Few streets in the world can boast such a colorful history as the Bowery — Manhattan’s oldest thoroughfare. Physically it runs through historic neighborhoods of Little Italy, Chinatown, East Village, and Lower East Side; metaphorically, it goes through each and every period of New York’s complicated history.
The Bowery was once a Native American trail that extended the length of Manhattan. During the Dutch times (1624-1664), it connected the city of New Amsterdam with the farmlands that lay to the north of the town. In fact, the name Bowery is the Anglicized form of Bouwerij, the Dutch word for farms.
Under the English (1664-1783), it was a part of Boston Post Road, lined with expensive mansions that belonged to prominent families like the Bayards and de Lanceys.
In 1783, when the Revolutionary War was over, George Washington marched his triumphant troops down the Bowery and raised a glass or two to the American victory at the Bull’s Head Tavern, once located at 48 Bowery.
After the independence, around the 1780s – 1830s, the Bowery became a butcher’s district. Edward Mooney house (1785) at 18 Bowery, the city’s oldest brick house (!), is still standing!
Between the 1830s and 1860s, the Bowery turned into a respectable elegant street inhabited by New York’s wealthy merchant class, only to lose its respectability by the 1870s, when it transformed into a commercial area with cheap lodgings and flophouses. The change happened due to a flood of new immigrants arriving to New York City, settling in the area, and pushing upper-class New Yorkers to move northward. Single-family dwellings were converted to tenements, and the mansions had given way to low-brow concert halls, brothels, beer gardens, pawn shops, and flophouses. The Bowery became the turf of one of America’s earliest street gangs, the native Bowery Boys.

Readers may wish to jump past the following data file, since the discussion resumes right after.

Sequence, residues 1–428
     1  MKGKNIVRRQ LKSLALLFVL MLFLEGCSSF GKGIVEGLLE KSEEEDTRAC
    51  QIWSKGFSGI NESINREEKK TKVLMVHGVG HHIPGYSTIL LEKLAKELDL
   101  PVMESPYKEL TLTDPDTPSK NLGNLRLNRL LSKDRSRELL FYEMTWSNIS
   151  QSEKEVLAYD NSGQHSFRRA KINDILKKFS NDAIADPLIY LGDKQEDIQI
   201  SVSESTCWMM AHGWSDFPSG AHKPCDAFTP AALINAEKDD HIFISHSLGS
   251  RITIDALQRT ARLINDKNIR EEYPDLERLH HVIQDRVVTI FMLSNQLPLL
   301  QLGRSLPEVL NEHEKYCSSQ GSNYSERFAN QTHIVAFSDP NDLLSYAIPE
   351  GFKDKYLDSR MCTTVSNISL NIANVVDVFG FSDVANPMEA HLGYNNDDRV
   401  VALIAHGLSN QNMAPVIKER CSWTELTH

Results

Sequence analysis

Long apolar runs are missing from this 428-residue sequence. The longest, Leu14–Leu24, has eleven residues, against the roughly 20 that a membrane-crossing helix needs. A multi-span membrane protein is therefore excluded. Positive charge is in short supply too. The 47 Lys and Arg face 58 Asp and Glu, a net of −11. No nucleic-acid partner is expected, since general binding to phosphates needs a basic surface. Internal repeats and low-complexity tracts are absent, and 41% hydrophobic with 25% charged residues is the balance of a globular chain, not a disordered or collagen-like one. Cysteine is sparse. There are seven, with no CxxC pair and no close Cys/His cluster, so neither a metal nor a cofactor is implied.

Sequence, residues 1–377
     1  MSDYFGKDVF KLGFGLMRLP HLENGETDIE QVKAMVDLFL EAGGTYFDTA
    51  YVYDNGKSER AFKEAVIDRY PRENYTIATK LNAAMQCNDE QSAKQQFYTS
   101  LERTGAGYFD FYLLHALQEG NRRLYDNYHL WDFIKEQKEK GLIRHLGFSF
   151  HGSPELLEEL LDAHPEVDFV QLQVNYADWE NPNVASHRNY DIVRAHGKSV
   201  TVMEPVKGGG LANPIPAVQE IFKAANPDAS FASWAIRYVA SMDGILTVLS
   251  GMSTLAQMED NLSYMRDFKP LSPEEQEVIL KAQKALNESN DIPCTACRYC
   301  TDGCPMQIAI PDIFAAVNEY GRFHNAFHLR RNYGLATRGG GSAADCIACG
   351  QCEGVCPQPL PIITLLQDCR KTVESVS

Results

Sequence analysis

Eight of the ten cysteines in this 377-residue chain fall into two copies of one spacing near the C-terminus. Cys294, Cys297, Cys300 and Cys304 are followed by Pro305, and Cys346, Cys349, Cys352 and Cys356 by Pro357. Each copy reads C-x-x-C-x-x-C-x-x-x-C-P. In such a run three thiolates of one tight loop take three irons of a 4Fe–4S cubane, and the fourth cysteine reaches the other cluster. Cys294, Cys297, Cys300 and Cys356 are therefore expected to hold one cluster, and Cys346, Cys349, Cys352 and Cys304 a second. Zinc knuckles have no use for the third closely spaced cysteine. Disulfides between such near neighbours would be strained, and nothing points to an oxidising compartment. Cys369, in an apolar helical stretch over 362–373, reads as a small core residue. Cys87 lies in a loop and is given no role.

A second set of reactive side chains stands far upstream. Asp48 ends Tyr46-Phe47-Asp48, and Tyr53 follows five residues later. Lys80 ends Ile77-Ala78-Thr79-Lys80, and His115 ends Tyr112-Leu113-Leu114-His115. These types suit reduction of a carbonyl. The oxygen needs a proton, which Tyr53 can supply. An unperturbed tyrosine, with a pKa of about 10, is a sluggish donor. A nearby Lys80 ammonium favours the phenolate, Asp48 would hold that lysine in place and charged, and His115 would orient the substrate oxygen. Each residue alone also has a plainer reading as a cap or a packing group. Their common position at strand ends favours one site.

It’s around this time, in the 1870s, when the Bowery entered its most colorful period. It became NYC’s first entertainment district featuring tap dance, minstrelsy, vaudeville, and Yiddish theater. Separated by half a century, Stephen Foster and Irving Berlin, two greatest American songwriters, lived and worked on the Bowery. Foster wrote his last song and spent his last days at the New England Hotel at 30 Bowery, dying in 1864 at age 37. In the early 1900s, a teenaged Irving Berlin sang for pennies while living on the street and in Bowery flophouses. His career was launched when he met Chuck Connors — the self-described Mayor of Chinatown — at Barney Flynn’s Saloon (18 Bowery), who helped him get his first gig as a singing waiter in Chinatown. “I got my musical education in the Bowery,” — Irving Berlin remembered.
The Bowery was one of America’s first avenues with streetcars, trains, and electricity, which explains its spectacular nightlife that became renowned to travelers around the world. During this period, the Bowery became a major theater and nightlife district.
It’s the next development of transportation that led to Bowery’s demise. The Third Avenue elevated line that opened in 1878 transformed the street into a dark and noisy area unsuitable for its middle-class inhabitants, who eventually fled this part of town. Attracting the poor and destitute, the Bowery descended into the center of social ills and gained a national reputation as a “Skid Row” and a “Thieves’ Highway.”
It reached its lowest point a century later, in the 1970s, when it became a downright scary, desolate place with drug addicts and scores of homeless living on the street.
The Bowery started as a Lenape trail and turned into a Dutch farm road. When the Revolutionary War ended, Washington’s troops marched down the Bowery. Herds of cattle stomped it, heading for the Collect Pond. It developed into the city’s working-class entertainment district where tap dance, minstrelsy, Yiddish theater, and vaudeville were born. It went through a rough period as a home for gangs, thieves, and drug addicts. Today, the Bowery got gentrified; its streets are lined with many restaurants and host fancy hotels. Still, it preserves its authenticity through its historic architecture and a unique location at the nexus of Little Italy, Nolita, Chinatown, SoHo and the Lower East Side.